This sentence merely echoes the “designed to fail” theme that characterizes conservative ruminations. Threatening the impossible works so well because the inevitable failure will be welcome by all.
However, it’s just possible that Kurtz is announcing a new focus in the ongoing saga of segregation. If migrants can’t be separated from “traditional” Americans, and if married people refuse to be segregated by gender or from the interests of single people, who were, are going to be, or don’t want to be married, and brown people can’t be segregated from white people, then maybe urbanites can be segregated from suburbanites. After all, there just absolutely has to be some criterion by which to divide people into groups. Groupists, they need to have a group to which they belong in order to know who they are. What’s strange is that groupists insist that independence and individualism is their goal.
- Image: Composite image created for LikeTheDew.com - base image licensed at soleilc1 / 123RF Stock Photo
Worthy of Comment
Also on the Dew
Last Thursday, just before I took my daily two-mile run/walk hunger struck. A few bites of watermelon did the trick. When I bit into that cold sweet watermelon a flood of summer memories rushed in. I recalled the great tastes of summer and with those memories came warm images of youth in the Georgia countryside. I saw stacks of dark green, striped watermelons, red, ripe tomatoes, and heard the beautiful grinding of a hand-cranked ice cream churn. Recalling the great tastes of summer I thought will make a good column. I created a document and titled it “The Tastes of Summer.” I’m Read on →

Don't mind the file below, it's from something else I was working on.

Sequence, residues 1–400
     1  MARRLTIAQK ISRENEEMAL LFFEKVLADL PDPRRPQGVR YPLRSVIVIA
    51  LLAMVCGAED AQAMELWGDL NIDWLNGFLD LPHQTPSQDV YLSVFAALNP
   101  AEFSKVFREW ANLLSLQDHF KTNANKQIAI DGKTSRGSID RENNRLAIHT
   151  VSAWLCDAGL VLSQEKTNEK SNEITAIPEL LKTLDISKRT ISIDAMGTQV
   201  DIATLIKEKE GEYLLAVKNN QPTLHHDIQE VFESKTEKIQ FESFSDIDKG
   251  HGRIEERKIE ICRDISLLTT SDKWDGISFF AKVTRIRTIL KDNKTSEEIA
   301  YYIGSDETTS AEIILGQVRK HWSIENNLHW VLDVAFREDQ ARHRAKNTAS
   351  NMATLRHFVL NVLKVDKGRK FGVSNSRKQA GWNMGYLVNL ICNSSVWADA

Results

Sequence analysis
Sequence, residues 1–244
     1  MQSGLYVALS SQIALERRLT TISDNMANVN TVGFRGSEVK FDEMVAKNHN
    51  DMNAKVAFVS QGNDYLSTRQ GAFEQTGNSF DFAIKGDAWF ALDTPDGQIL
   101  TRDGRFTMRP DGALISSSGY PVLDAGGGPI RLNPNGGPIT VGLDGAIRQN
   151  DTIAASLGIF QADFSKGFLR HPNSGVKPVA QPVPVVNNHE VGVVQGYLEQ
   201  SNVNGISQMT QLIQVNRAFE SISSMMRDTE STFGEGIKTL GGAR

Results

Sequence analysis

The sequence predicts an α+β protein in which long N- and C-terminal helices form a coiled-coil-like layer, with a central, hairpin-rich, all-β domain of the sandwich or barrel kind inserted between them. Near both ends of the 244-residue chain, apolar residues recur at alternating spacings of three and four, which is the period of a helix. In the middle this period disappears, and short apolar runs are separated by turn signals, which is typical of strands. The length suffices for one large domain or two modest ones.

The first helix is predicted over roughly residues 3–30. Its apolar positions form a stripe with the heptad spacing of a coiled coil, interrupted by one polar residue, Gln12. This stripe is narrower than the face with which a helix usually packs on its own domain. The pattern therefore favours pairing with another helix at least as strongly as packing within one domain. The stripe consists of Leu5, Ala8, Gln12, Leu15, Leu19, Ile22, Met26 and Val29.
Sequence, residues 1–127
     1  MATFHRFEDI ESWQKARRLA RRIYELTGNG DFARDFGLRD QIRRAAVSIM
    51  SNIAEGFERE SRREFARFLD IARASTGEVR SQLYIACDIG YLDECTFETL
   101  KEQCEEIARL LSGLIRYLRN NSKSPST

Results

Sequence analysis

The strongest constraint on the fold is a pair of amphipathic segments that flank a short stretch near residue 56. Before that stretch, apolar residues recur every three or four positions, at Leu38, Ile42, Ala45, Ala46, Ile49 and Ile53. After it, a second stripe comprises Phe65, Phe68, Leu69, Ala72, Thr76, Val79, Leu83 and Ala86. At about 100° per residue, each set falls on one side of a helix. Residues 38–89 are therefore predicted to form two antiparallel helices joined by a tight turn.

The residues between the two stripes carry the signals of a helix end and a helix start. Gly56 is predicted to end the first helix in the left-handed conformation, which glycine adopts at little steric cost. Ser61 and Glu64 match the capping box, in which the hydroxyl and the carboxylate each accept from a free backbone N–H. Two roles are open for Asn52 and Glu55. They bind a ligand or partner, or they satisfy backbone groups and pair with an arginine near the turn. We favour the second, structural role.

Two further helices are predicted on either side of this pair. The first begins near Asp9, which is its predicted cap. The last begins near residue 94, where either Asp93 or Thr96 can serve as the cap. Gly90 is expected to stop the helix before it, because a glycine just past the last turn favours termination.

My beloved colleagues in Teh Media sure get on my last damn nerve. Most of the time it's just from sloppy work or jumping on whatever bandwagon is rolling by at the time, something along the lines of a pet peeve. Like when my Twitter list of political reporters blows up with some hashtag meme instead of actual reporting. Today it's #Obamacareinthreewords, launched by that icon of credibility, Rep. Darrell Issa. It's the second time around for that one -- Rep. Kevin McCarthy launched it the first time last June. (@WhiteHouse even got in on it, tweeting "It's.The.Law." Republicans responded with "arrogance Read on →
When music publisher John Stark first heard Scott Joplin play his piano, he knew that ragtime was the music of hope for a new America. But Joplin would never be content with popularity and fame. Joplin committed himself to racial justice in the early 1900’s. He was inspired by Booker T. Washington and the Dahomeyan defeat in West Africa. But due to this earnest pursuit, he was ignored by the masses for writing the music of Civil Rights fifty years before America was ready to listen. King of Rags, by Professor Eric Bronson, is a historical fiction account of the quest for r Read on →
Anything characterized by high energy, originality, humor and intelligence is bound to get my attention. I was at an annual fund-raising party for an alternative art center called Nexus in about 1986. Touring the studios I kept being distracted from the visual art by some very interesting Rock 'n Roll. I wasn't the only one. A large segment of the crowd was gathered around the Swimming Pool Qs in the courtyard. Once in their vicinity I was there for as long as they would play. In any field of endeavor certain efforts stand out and the Qs were (are) definitely one Read on →